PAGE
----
Sweaty palms. Heart palpitations. Knees knocking. We all know the signs of stage fright.
And no matter how experienced you are at public speaking, stage fright happens to everyone. Instead of trying to ignore it, embrace it and get to know your own personal signs of stage fright.
Accept anxiety as a positive sign that your body is saying that all systems are ready to go.
But many speakers succumb to stage fright. Some common reactions:
“I’m going to faint”
“Why did I agree to do this?”
“They’ll find out I don’t know as much as they think I do”
“I’m not prepared”
— and on and on.
You’ve got to break that litany of negative thinking. Instead, say to yourself: “I’m glad that I’m here and I’m ready to go.” This applies whether you’re making a presentation or doing a media interview.
Try These Techniques
People decide in the first three to seven seconds if they’re going to listen to what you have to say. So you’ve got to grab them right out of the gate. These techniques will help you to get over stage fright and engage your audience from the second you start talking.
- Think positively. I’m here for a reason – people want to hear what I have to say. I’m an authority with a lot to add to this topic. I’m going to go for it.
- Use movement. Gestures put your nervous energy to work to get the audience engaged your side. Your feet aren’t nailed to the ground. Move. Positive energy supports rather than detracts from your effort. It’s no different than if you were a swimmer or sprinter. This is an important race. Forget about how nervous you are. Push off with a gesture and a smile.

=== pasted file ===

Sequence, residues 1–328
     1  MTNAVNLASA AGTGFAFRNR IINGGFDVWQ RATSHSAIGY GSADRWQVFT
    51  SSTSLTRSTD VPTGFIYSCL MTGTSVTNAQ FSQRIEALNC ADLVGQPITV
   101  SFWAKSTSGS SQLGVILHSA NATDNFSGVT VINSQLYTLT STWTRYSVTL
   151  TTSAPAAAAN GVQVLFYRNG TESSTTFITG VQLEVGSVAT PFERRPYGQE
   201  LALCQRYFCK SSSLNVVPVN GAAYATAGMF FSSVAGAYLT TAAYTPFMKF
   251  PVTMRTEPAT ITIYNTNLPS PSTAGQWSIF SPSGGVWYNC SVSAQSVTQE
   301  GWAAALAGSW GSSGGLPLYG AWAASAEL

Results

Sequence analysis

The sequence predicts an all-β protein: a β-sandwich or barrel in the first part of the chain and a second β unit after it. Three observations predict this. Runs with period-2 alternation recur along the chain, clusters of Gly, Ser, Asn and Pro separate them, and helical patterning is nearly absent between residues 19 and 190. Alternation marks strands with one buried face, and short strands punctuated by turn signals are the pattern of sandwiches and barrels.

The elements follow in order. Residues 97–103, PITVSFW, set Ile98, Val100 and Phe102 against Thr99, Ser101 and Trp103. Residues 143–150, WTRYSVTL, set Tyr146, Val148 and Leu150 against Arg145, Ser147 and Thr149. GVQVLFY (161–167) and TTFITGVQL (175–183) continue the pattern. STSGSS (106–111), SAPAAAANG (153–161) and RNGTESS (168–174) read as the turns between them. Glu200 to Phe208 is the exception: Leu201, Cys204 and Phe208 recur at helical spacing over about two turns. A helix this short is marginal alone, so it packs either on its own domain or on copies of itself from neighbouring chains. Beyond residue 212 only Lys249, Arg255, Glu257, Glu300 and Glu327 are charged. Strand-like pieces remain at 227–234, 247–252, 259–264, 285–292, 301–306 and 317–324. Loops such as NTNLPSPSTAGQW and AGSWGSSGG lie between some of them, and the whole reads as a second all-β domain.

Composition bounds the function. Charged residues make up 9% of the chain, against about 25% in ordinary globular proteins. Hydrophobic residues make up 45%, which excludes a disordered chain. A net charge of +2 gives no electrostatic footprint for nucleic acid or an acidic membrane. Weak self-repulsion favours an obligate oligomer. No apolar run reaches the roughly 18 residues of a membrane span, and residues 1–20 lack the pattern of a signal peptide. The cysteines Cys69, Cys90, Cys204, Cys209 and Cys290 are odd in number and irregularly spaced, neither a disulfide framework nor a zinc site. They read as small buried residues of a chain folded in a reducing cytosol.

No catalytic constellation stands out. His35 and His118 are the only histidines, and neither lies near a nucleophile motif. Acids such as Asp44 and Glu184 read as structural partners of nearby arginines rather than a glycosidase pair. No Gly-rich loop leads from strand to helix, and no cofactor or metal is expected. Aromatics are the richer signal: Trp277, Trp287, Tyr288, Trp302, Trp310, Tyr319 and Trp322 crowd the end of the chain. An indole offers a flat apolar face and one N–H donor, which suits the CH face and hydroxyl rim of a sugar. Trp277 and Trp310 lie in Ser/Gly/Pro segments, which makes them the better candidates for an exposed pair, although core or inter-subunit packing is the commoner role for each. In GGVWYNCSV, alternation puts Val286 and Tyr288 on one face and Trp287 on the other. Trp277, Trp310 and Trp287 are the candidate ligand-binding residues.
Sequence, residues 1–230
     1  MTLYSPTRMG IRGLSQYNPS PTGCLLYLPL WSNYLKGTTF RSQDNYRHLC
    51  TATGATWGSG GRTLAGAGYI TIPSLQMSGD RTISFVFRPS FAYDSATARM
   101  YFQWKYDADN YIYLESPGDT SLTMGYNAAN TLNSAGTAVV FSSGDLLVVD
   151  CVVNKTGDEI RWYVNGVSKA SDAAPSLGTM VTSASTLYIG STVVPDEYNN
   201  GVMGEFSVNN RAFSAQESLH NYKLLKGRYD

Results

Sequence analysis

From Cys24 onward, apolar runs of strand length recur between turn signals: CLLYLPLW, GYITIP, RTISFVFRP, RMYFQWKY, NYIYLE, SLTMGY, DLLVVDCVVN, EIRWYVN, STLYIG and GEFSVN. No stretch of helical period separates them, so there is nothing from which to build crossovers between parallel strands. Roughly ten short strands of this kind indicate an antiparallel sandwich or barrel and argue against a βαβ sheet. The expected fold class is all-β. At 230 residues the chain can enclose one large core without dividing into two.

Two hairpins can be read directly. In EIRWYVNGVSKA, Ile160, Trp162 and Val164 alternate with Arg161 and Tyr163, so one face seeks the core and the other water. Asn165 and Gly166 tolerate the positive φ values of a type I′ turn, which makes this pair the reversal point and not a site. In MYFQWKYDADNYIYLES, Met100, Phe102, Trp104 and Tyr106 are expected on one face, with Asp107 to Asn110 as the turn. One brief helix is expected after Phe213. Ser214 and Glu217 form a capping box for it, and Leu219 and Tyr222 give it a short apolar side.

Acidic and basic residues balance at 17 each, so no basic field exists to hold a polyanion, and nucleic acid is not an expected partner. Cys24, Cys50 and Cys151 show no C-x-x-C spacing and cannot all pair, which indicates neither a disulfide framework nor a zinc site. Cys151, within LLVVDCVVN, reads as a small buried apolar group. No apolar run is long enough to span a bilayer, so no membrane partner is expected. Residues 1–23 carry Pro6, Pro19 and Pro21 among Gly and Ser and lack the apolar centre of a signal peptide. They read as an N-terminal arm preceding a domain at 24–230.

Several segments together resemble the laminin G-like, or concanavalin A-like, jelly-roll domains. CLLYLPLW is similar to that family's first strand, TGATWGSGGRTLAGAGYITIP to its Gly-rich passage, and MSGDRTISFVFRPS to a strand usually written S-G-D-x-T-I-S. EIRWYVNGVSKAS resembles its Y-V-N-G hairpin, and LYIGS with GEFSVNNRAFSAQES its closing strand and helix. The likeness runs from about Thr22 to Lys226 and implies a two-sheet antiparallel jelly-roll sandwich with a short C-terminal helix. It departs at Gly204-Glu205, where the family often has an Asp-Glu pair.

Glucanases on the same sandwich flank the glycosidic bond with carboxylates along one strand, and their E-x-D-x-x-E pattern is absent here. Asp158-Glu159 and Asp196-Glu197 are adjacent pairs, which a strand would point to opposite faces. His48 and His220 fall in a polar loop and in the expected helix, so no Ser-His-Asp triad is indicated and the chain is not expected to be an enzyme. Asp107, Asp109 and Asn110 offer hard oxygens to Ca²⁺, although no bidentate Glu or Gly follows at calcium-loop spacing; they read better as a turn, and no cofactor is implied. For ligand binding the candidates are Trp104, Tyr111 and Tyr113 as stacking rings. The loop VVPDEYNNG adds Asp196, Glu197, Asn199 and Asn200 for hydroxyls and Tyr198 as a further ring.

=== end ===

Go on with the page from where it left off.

- Rehearse. But don’t over-rehearse so that you come across as flat. The most important parts of a presentation or interview are the opening and close. Practice walking up to the podium. Be ready with your “grabber” that will immediately get the audience wanting to hear more. A favorite example is an Avon sales manager who began a discussion on recruitment by saying, “I’m what you might call a professional street walker.” It drew a round of appreciative laughter from fellow sales professionals who pound the pavement.
- Keep your close short. Recap what you said to ensure your audience retains your key messages. Then stop and invite questions.
The next time you have a presentation or interview with a reporter, remember this: you are the expert. Take a deep breath, think positive thoughts and use a grabber to launch into the presentation or interview.